schutztruppe

5m Africans, Carribeans and Asians who fought in WW1 and WW2: Spotlight on the German West Africa Askari (Schutztruppe)

Should Afro-Europeans wear the poppy? This question used to challenge me. Learning GCSE History (a UK secondary school grade), I heard about what sparked World War 1 and the lessons the government wanted the next generation to learn. “Those who don’t know their history are doomed to repeat it” George Santayana (16 December 1863 in Madrid, Spain – 26 September 1952 in Rome, Italy). And there! my interest in the past was sparked. I read. Interested in movies, along the way, I watched various films like Sergeant York, Dam Busters, Where Eagles Dare and sat through Lawrence of Arabia twice. In all this I grew to respect the past generation of Brits for their grit and sacrifice but I was never made to feel that “people who look like me” contributed anything to Britain’s survival or prosperity. Now, I know otherwise. Now, I know that it was a World War in the first place because Africa didn’t have self-rule on both sides of the war.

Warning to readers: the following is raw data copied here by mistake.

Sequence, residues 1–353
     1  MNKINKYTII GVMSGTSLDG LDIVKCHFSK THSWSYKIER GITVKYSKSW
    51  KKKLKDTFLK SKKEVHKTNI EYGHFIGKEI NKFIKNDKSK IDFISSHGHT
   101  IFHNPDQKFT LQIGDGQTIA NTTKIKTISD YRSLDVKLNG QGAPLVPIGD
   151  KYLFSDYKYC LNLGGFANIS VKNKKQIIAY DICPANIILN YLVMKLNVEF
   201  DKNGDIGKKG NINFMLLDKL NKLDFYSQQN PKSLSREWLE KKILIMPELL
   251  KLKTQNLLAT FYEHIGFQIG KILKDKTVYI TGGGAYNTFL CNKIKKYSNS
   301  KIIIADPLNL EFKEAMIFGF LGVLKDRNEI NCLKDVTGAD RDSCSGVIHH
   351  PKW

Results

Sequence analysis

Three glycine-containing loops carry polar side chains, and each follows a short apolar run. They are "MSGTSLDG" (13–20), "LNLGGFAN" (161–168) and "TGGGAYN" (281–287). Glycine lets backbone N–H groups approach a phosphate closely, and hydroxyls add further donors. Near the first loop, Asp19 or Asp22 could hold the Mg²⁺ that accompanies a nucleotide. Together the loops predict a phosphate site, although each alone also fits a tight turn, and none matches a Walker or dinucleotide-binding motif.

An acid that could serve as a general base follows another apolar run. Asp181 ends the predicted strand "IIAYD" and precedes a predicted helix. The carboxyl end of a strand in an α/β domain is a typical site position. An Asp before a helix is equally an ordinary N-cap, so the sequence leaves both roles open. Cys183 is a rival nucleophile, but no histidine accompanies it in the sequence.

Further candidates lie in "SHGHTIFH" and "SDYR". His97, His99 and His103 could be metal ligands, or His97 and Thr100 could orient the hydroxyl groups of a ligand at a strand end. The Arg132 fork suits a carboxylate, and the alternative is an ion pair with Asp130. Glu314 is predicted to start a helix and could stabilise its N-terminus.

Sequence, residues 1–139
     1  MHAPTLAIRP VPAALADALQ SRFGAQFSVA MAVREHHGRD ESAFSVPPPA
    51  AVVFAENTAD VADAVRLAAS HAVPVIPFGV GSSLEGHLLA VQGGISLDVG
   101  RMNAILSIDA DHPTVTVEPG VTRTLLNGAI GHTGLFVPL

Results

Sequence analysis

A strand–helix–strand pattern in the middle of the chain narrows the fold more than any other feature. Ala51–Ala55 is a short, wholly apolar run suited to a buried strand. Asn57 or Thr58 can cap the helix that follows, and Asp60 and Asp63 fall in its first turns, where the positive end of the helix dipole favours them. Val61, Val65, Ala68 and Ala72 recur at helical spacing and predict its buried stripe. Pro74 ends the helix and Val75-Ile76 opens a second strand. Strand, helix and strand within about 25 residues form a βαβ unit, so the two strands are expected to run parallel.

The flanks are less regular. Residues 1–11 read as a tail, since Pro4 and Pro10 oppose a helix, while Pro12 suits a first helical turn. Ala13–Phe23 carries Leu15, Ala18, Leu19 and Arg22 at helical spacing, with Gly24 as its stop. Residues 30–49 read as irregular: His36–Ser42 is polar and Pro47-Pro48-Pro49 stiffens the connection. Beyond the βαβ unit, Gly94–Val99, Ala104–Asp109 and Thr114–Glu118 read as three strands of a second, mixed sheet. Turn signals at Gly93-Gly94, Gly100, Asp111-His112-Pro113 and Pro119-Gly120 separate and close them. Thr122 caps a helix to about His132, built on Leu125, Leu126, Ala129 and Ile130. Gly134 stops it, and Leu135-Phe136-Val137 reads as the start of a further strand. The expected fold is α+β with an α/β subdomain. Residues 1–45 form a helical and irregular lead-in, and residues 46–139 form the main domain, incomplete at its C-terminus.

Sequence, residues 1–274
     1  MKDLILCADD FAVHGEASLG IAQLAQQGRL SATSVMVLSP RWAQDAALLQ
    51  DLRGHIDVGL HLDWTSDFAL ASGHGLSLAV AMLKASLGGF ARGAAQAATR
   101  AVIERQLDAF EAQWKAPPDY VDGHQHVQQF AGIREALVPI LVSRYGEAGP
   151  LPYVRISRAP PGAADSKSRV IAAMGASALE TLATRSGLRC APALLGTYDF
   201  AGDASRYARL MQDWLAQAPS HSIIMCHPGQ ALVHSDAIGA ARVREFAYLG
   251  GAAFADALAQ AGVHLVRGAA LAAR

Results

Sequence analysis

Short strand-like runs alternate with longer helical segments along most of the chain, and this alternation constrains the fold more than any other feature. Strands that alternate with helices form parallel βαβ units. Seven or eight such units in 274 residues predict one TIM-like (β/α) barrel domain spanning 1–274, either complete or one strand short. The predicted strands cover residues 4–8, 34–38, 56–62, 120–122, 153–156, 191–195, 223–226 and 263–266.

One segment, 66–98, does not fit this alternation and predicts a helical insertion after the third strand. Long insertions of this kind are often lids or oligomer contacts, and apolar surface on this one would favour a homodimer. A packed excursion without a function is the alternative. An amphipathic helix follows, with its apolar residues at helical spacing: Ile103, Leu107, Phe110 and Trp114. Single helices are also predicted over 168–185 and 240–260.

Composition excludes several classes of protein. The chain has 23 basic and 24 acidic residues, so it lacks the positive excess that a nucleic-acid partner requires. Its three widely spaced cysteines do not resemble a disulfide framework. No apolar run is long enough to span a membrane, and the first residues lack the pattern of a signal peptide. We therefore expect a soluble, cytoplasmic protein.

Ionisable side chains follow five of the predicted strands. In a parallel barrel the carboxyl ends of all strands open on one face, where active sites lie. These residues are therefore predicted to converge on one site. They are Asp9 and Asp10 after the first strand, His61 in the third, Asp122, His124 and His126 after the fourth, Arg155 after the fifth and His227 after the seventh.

WW1: African soldiers of German East Africa (Schutztruppe) (Story of the Last Shot of the War)

The first and last shots of world war 1 were fired in Africa, not Europe. How come? And why do modern Great War ceremonies and films give the impression that only Americans and Europeans died for “freedom”? Africans contributed money, skill (in producing goods to aid the war effort) and the human sacrifices needed to call it a world war. The era of German colonialism that lasted till 1918 had left Africans who fought for Germany either dead, injured for life, without ex-service pensions and with financial losses.